It’s not that the corporate Powers That Be will enforce a dress code (since when is a t-shirt that says “I went outside once but the graphics weren’t very good” not formal?!). It’s not the possibility of Dr. Who getting cancelled (who wants to live in a universe without a TARDIS?). And it’s not getting stuck in an elevator with people who get their Star Wars, Star Trek, and Lord of the Rings details mixed-up (“my favorite scene was when Frodo took the U.S.S. Enterprise to destroy Death Star!”).
No, according to a survey [PDF] by to SaaS vendor BetterCloud, the number one fear among IT pros is well-meaning but negligent end users. And if that wasn’t damning enough, a separate survey of IT pros commissioned by encryption hardware vendor nCipher revealed that mistakes by employees was the top corporate risk to sensitive data.
So, if you’re an IT pro and you can’t shake the feeling that the biggest threat to your peace of mind — and maybe to your job — is the generally friendly men and women who roam the halls with you, then you’re not alone. And if you’re a non-technical end user reading this, I’m afraid your suspicions are true: IT thinks that you’re the enemy, because unfortunately, in many cases, you are.
First, the Bad News…
Here are just some of the tragic things that some end users unwittingly do:
- Store passwords in their browser, in spreadsheets or in text files.
- Use the same password everywhere.
- Choose weak passwords.
- Fall for spear phishing emails and texts.à
- Insecurely share passwords with colleagues (and almost always without authorization to do so).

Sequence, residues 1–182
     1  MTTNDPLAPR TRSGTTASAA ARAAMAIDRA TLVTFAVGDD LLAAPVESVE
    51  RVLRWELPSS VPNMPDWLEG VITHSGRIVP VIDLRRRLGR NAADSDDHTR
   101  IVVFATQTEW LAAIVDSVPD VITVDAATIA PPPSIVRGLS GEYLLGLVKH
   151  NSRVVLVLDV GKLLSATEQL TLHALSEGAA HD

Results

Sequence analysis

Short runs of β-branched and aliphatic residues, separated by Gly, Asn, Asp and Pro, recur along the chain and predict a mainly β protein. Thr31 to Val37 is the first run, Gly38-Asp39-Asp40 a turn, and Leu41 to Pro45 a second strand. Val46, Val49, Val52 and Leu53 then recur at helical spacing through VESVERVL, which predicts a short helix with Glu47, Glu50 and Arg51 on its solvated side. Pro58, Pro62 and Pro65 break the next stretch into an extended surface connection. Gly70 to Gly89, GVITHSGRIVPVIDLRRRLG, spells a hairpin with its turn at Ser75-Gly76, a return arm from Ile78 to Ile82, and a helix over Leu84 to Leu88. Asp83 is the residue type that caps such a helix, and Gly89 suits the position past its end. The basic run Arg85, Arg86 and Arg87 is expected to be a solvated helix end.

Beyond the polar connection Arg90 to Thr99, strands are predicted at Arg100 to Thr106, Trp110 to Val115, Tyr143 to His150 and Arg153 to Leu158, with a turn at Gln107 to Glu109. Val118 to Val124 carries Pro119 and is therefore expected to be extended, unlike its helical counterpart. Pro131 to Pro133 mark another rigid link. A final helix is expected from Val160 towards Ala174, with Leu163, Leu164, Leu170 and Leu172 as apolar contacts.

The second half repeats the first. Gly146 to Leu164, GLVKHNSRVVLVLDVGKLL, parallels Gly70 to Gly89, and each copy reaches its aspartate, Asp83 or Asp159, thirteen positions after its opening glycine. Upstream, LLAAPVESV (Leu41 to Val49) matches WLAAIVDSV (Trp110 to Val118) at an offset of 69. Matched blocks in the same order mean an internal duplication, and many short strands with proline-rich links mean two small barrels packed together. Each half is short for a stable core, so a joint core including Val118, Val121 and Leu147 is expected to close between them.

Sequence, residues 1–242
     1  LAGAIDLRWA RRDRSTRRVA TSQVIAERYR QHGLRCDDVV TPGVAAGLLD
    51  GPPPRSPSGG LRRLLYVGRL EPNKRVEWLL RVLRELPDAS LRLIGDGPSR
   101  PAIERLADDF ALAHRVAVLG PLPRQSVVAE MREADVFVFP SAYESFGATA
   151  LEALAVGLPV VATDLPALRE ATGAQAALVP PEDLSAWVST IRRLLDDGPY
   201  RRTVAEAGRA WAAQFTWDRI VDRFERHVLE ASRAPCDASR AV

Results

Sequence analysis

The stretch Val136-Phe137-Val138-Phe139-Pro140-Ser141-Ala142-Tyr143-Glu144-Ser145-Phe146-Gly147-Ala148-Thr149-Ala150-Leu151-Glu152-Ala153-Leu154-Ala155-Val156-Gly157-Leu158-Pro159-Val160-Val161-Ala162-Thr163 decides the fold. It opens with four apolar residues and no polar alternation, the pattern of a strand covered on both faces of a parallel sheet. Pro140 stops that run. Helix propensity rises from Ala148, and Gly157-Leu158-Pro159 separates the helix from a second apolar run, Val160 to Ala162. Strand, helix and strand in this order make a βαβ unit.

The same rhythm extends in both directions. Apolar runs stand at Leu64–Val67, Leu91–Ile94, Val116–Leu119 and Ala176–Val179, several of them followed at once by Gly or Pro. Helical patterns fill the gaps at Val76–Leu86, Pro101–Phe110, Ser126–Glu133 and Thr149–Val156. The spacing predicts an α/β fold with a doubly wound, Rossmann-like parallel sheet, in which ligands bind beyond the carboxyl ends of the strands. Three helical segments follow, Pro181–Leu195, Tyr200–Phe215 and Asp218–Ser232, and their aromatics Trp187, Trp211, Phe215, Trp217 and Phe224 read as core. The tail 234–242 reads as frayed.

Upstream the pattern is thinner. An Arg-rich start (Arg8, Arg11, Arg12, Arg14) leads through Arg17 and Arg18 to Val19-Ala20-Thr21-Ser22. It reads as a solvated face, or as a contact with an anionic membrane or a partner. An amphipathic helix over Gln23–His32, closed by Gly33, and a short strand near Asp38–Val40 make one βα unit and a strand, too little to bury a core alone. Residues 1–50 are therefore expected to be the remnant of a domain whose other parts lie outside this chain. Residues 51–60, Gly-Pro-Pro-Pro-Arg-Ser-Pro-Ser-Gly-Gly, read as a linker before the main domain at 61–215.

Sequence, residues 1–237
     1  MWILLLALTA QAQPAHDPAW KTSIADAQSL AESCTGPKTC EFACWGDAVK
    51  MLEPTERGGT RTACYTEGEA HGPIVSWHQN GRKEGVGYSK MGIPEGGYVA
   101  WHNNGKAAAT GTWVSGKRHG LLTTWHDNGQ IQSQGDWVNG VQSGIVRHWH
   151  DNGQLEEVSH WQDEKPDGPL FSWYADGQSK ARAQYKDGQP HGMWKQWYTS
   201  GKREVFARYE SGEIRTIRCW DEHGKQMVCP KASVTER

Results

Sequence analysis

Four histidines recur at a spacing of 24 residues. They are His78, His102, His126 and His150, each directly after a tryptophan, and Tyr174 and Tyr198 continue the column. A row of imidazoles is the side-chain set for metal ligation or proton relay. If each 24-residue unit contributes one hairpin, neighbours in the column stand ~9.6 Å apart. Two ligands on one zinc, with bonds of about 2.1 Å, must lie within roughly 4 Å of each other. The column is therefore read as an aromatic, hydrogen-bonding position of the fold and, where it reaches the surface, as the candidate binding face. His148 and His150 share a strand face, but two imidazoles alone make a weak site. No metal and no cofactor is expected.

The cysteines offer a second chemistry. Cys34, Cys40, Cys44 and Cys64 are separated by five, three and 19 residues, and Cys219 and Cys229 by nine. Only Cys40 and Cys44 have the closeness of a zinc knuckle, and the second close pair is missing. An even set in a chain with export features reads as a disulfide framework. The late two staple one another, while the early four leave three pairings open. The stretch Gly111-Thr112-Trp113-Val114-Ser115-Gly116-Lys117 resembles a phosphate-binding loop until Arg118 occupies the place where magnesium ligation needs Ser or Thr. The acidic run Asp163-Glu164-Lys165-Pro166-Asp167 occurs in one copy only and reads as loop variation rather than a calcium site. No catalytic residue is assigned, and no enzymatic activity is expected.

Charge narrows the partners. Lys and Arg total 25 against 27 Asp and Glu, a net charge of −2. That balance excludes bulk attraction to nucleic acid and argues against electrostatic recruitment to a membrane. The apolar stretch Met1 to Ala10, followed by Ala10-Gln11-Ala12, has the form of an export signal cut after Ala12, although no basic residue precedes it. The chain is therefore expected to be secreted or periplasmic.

- Fall for various online scams at home that put their personal device — and potentially the corporate network — at risk.
Now for Some Good News!
If your end users are unintentionally part of the security problem instead of being part of the solution, the good news is that you can be proactive and mitigate the potential damage. Here are some suggestions:
- Implement a Principle of Least Privilege (POLP) policy and Zero-Trust Architecture.
- Deploy a centralized password management tool like Devolutions Password Hub (DPH) that locks down password security, yet is simple and intuitive for end users.
- Implement a PAM solution like Devolutions Server (DVLS) to control and monitor access to sensitive assets and privileged accounts.
- If you cannot centralize device management, then make it as easy and painless as possible for end users to install software updates.
- Recognize when your end users are suffering from “security fatigue”, and provide them with training and resources so they can go from security zombie to superhero (so they can stop keeping you awake at night!)
If you’re an IT pro: Are well-meaning but negligent end users your number one fear? If so, please share some of your top concerns (read: nightmares). If your end users are compliant, then please share what you find even more worrisome. Ransomware, maybe?
If you’re an end user: What do you want IT pros around the world to know about your situation? Share what you need and how you want to be treated. Are you fed up with being seen as one of the bad guys? Or do you understand where IT is coming from and sympathize with their challenges?